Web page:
Disable Your Links, or Gate Your Functions?

It’s pretty common to disable links and buttons that cause updates, so those updates don’t happen twice, and re-enable them when the update has finished.

At work, our app’s links are usually wired to javascript functions that use jQuery to scrape the form data and post it to web services via ajax. We normally disable links and buttons something like this:

var updateLink = $('#updateLink');  // Find the link.
updateLink.click(function() {       // When it's clicked...
   updateLink.disable();            // disable it...
   ajax({
      data: getFormData(),          // ... & send the form data
      url: 'http://someWebService', // to some web service.
      success: function(results) {  // When the service
         if (results.hasErrors) {   // finishes,
            showErrors(results);    // show any errors,
            updateLink.enable();    // and enable the link
         }                          // so they can try again.
      }
   });
});

We added those enable() and disable() functions to jQuery — they just add or remove the disabled attribute from whatever they’re called on. But it seems Firefox doesn’t support disabled on anchor tags, like IE8 does, so we couldn’t stop the repeat-calls that way.

We got to thinking, what if the link always called its javascript function, but the function could turn itself off after the first call, and back on after a successful ajax post? That led to this:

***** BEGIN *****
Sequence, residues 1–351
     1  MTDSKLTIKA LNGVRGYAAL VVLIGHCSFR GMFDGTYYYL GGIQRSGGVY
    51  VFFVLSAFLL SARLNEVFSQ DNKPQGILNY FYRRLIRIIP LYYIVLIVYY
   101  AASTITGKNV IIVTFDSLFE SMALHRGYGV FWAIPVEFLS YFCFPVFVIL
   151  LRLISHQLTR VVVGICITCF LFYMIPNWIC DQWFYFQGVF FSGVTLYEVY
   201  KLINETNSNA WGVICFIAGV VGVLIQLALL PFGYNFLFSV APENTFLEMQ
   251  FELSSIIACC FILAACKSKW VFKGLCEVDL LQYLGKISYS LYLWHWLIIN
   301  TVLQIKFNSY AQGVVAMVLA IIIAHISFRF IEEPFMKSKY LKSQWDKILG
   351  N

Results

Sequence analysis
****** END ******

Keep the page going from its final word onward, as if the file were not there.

function makeGated(fn) {
   var open = true;
   var gate = {
      open: function() { open = true; }
      shut: function() { open = false; }
   };

   return function() {
      if (open) {
         fn(gate);
      }
   };
}

makeGated takes your function, and wraps it in another function, a gate function (it “makes your function a gated function”). When you call the function it creates, it will only call your function if the gate is open — which it is, at first. But then, your function can decide whether to close the gate (that’s why the gate is passed to your function). You could use it like this:

var updateLink = $('#updateLink');  // Find the link.
updateLink.click(
   makeGated(function(gate) {       // When it's clicked...
      gate.shut();                  // shut the gate...
      ajax({
         data: getFormData(),       // ...same as before...
         url: 'http://someWebService',
         success: function(results) {
            if (results.hasErrors) {
               showErrors(results);
               gate.open();  // Open the gate
                             // so they can try again.
            }
         }
      });
   }));

We dropped this in, and it worked pretty much as expected: you can click all you want, and the update will only fire once; when the update completes, it’ll turn back on.

The downside? Since it doesn’t disable the link, the user has no idea what’s going on. In fact, since the closed-gate function finishes so quickly, it seems like the button’s not doing anything at all, which might even make it look broken.

So we chucked it, and hid the links instead. It’s not as nifty, and it’s not reusable, but it’s clear enough for both end-users and programmers who don’t grok higher-order functions. Even when you have a nice, flexible language, and can make a sweet little hack, it doesn’t mean the dumb approach won’t sometimes win out.

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